Lebanese leaders are discussing a possible government reshuffle, sources said on Wednesday, to defuse unprecedented protests against the political elite that have paralysed the country for a week.
Lebanon’s highest Christian Maronite authority and a prominent Druze politician threw their weight behind the groundswell for change, calling for qualified technocrats to be included in any government shake-up.
With a population of 6 million people including around 1 million Syrian refugees, Lebanon has been swept by protests against politicians blamed for corruption and waste in a state mired in debt and economic crisis.
Flag-waving protesters kept roads blocked with vehicles and makeshift barricades for a seventh day on Wednesday. Banks have been closed since Friday and will remain shut on Thursday, the banking association said. Schools are also closed.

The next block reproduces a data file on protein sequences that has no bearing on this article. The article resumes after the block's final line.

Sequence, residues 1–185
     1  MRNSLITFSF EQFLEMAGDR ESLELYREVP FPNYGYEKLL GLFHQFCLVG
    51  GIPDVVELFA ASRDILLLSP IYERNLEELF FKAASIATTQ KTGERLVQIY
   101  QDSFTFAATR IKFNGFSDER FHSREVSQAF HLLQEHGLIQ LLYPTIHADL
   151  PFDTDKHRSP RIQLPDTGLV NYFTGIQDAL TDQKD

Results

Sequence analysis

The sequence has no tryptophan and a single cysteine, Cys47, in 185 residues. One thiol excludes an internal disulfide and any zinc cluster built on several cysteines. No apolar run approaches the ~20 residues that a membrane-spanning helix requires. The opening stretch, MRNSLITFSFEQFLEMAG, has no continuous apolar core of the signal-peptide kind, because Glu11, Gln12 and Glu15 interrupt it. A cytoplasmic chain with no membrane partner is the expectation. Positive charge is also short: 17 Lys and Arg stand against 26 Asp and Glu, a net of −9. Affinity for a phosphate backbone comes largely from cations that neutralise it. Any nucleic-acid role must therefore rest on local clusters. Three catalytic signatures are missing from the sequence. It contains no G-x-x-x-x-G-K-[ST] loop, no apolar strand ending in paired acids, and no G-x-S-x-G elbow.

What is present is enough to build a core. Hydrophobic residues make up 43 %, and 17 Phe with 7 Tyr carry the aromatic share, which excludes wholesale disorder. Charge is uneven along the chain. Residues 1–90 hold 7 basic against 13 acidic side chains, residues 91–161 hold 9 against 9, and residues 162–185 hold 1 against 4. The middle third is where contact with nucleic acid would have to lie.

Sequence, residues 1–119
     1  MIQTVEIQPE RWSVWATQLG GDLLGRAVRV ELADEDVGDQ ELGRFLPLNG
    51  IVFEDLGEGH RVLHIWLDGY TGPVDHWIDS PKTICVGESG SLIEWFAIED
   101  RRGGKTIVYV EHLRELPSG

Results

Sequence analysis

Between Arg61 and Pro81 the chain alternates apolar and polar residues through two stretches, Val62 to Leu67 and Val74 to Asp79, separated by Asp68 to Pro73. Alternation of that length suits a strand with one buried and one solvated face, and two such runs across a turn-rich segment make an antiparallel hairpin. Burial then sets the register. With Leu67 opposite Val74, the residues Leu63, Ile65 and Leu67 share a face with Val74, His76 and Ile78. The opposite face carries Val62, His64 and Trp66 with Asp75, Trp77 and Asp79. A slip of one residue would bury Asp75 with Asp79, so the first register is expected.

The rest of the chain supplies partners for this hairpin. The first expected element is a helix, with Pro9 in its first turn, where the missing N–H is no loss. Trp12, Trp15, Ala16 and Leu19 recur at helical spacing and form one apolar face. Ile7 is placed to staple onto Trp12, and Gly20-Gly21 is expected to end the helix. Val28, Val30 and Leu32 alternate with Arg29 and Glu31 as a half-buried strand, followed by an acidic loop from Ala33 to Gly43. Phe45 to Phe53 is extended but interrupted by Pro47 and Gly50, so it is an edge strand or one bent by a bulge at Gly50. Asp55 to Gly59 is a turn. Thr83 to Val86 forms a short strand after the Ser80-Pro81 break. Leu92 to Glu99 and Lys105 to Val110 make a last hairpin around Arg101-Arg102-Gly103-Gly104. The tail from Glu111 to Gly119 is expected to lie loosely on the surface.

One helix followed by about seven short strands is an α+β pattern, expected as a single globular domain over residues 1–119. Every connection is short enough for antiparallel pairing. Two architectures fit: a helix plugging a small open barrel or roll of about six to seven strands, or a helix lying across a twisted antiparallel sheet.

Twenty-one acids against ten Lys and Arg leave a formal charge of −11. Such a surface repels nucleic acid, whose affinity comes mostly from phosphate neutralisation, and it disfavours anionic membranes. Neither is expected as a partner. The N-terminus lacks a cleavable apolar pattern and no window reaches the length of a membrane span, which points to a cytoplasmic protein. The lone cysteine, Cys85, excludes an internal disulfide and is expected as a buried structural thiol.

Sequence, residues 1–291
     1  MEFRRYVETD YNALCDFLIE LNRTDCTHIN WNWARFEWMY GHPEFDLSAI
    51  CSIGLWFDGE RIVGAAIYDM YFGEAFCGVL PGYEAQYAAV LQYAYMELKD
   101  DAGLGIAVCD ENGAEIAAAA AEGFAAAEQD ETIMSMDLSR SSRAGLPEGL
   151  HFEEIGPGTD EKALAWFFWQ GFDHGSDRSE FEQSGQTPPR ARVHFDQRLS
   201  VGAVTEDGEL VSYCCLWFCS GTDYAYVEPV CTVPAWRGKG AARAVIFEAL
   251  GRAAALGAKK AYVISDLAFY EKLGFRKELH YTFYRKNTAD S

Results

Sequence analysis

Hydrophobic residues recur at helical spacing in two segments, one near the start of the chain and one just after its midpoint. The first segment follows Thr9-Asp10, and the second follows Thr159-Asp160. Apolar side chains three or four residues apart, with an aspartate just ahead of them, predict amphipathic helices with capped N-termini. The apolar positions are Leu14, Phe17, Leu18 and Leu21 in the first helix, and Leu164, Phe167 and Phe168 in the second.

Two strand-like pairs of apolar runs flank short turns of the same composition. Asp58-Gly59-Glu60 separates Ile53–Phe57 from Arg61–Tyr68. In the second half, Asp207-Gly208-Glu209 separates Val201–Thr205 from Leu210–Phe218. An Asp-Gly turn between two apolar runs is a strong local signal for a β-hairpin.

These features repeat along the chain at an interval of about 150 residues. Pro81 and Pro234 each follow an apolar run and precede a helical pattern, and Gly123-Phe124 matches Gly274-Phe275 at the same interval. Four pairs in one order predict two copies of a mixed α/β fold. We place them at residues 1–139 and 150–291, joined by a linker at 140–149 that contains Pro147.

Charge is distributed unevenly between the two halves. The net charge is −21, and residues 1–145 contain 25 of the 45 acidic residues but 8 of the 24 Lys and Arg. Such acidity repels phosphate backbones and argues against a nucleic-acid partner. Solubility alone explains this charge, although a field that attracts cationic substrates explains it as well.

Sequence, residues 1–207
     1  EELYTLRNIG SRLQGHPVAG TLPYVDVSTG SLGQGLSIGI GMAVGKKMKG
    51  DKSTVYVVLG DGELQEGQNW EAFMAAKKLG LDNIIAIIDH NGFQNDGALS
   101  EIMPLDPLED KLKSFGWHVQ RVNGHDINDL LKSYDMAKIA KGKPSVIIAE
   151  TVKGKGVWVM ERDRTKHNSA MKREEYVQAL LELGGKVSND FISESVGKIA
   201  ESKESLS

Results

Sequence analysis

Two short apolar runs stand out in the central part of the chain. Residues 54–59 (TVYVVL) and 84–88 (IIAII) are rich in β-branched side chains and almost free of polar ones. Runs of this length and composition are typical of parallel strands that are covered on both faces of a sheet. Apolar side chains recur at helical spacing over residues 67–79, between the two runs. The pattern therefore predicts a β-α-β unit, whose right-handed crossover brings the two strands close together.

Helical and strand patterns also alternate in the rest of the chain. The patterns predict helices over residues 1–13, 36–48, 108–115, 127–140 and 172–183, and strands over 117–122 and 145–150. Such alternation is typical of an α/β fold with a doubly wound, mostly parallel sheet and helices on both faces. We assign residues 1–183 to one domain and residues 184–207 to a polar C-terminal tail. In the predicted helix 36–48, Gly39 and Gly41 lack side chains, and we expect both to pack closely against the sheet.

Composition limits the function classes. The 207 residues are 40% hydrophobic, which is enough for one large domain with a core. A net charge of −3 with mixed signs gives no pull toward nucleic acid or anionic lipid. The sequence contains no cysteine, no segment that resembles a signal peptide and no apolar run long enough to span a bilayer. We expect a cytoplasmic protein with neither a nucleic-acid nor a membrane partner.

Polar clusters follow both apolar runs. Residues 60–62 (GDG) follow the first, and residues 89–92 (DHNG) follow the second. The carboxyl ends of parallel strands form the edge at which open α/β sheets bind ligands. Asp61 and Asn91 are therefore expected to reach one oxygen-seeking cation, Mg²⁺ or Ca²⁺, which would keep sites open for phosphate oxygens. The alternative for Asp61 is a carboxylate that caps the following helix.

Soldiers scuffled with demonstrators as they struggled to unblock main roads.
“We’re staying in the streets until the looted public funds are restored, until the government falls,” said Heba Haidar, protesting at a makeshift barricade of empty trash containers and steel rods in Beirut.
Prime Minister Saad al-Hariri’s government announced an emergency reform package on Monday, to try to assuage public anger and steer the state away from a looming financial crisis.
Hariri’s government, which took office at the start of the year, groups nearly all of the main parties in a sectarian power-sharing system.
The idea of a reshuffle “is being discussed widely among politicians in the country and we might get there if the protests remain in the street in the coming days”, a senior political source said. Another political source said the idea was “starting to mature”. “The street is imposing its rhythm on the political class,” he added.